Hidden in the Mint story about Shiva Ayyadurai's travails at CSIR, there is this revealing statistic:
Over the past 10 years, CSIR laboratories have been granted 5,014 patents in India and abroad. The money earned from these was Rs. 36.8 crore, but the cost of filing them was Rs. 228.64 crore, according to official figures obtained by Hindustan Times (HT) through the Right to Information Act.
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BTW, the previous post on Ayyadurai has comments expressing strong views -- both favourable and unfavourable -- about CSIR. Just in case you are interested...
There's nothing new to report on Ayyadurai, but commenters have also pointed to a couple of links that tell us a little bit more about him and his short career as a 'consultant' at CSIR:
MIT News (from September 2007): East Meets West: Armed with 4 MIT degrees, Shiva Ayyadurai embarks on new adventure:
In the 26 years since he first arrived at MIT as a freshman, V.A. Shiva Ayyadurai has earned four MIT degrees and started two multimillion dollar companies.
This fall, he will use his most recent degree, a Ph.D. in computational systems biology, and a Fulbright Scholarship to explore one of his lifelong interests: the intersection of Eastern and Western medicine.
Ayyadurai's upcoming project is the latest in a series of personal ventures that have spanned fields as diverse as electronic communications, animation and molecular biology. His experience shows what is possible with an MIT education, he says.
Rediff.com: Scientist vs establishment battle simmers in CSIR:
According to Ayyadurai, it all started when CSIR Director General Samir Brahmachari gave him a handwritten offer and detailed job description of the STIO's post.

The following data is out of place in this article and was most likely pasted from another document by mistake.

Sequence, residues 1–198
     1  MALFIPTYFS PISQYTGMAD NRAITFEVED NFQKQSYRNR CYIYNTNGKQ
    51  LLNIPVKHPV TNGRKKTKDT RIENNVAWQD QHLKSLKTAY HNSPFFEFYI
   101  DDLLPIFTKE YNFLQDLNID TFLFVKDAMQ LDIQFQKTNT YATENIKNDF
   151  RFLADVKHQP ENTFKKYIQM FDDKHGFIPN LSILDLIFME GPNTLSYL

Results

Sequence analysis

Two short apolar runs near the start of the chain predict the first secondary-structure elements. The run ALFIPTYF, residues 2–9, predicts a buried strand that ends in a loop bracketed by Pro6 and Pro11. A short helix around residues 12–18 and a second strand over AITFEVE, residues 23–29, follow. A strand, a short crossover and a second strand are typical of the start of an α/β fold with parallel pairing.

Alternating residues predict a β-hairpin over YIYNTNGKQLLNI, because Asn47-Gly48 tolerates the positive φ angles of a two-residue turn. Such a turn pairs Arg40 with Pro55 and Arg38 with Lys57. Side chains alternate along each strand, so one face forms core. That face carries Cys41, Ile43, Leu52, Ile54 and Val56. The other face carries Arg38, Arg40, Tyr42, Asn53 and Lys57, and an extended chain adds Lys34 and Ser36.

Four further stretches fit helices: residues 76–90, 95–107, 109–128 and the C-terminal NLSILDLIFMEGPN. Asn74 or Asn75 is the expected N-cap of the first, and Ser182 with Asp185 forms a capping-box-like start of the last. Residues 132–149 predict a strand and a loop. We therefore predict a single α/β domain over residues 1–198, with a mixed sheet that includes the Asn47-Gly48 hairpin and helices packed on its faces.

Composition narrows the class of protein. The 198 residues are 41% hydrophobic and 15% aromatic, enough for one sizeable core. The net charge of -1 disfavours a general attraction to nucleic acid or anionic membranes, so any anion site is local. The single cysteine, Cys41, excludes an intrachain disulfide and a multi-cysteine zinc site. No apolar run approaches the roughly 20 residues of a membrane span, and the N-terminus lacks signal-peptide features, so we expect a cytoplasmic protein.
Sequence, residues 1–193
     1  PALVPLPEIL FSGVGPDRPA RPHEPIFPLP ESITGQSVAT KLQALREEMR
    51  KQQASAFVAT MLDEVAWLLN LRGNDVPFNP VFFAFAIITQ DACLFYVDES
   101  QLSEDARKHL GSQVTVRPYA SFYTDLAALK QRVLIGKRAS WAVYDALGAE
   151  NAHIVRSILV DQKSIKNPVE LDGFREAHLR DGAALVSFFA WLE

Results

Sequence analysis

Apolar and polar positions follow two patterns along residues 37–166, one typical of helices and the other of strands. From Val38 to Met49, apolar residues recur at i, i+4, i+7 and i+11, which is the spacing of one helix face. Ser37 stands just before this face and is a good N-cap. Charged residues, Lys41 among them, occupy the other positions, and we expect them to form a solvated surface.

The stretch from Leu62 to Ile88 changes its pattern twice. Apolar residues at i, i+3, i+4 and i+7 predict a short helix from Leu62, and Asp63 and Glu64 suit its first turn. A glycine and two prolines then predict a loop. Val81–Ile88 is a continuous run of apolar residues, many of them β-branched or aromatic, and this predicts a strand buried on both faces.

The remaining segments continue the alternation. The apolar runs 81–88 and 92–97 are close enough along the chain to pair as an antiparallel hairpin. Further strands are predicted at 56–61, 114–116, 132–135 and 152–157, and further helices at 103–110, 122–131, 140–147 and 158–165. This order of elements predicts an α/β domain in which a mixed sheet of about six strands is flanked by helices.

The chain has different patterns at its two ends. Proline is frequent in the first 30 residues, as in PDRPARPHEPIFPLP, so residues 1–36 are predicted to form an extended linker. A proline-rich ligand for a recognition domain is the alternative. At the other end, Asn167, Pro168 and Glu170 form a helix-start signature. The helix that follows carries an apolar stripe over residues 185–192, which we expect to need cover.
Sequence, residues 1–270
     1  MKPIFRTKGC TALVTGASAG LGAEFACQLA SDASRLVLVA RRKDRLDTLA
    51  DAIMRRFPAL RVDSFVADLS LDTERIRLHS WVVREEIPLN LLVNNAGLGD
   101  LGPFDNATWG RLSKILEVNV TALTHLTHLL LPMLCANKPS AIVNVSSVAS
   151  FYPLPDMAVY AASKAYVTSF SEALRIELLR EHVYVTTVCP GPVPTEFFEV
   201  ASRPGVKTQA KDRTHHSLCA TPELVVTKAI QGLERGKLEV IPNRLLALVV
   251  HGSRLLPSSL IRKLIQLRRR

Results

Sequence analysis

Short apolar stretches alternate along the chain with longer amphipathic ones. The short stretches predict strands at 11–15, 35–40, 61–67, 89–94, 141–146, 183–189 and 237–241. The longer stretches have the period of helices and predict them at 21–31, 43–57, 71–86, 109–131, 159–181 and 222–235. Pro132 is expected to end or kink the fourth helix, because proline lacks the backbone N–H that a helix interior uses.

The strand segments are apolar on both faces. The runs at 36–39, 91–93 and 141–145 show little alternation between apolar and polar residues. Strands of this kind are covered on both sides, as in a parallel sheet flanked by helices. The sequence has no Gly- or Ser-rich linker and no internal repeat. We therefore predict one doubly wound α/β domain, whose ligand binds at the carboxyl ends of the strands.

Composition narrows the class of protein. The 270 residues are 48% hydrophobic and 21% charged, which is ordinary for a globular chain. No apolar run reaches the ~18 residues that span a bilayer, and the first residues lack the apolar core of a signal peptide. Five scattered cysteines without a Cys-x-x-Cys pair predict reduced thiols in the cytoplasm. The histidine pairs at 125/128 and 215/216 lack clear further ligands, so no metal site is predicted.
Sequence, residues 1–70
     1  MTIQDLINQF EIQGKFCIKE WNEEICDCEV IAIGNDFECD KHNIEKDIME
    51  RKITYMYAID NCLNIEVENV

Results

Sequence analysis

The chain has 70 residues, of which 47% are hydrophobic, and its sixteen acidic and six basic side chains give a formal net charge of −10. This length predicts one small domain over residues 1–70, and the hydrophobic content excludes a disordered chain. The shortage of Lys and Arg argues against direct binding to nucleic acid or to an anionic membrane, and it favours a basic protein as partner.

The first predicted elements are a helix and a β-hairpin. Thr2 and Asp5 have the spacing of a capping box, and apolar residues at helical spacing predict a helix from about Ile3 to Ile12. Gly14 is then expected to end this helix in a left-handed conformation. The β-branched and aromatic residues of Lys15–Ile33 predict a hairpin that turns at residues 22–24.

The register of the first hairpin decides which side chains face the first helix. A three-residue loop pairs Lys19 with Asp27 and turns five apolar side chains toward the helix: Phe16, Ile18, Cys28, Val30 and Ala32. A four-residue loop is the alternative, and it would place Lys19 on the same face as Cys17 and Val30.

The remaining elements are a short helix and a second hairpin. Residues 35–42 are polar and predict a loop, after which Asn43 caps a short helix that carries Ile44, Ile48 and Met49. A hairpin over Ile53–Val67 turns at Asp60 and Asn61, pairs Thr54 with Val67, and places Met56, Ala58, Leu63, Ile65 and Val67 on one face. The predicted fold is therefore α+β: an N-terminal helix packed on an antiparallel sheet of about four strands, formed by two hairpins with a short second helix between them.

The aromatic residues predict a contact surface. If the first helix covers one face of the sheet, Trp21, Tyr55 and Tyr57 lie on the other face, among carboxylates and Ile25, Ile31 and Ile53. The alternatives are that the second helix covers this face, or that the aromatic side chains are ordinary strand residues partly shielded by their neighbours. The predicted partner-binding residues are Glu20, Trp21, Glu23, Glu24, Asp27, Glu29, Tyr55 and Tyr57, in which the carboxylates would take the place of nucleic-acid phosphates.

In June this year, Ayyadurai was in India on a Fulbright scholarship. "At that time, a scientist whom I know said the director general of CSIR would like to meet me. I met him the next day and he invited me to join the organisation and make it into a centre of excellence," Ayyadurai said.
In a handwritten note, Brahmachari promised Ayyadurai that he would be the CEO of various companies he spins off and that he would also be eligible to be stake in such companies.
"I accepted it because in the United States if two CEOs shake hands, the deal is done. In this case, I got a written offer few days later and it was fine," Ayyadurai said, adding, "It was much later on that I realised that according to Indian law, he can't even promise those things."
Meanwhile, immediately after taking over, Ayyadurai set his sights on creating a structure for CSIR-Tech -- a company that would work with CSIR scientists to spin off their inventions into moneymaking products.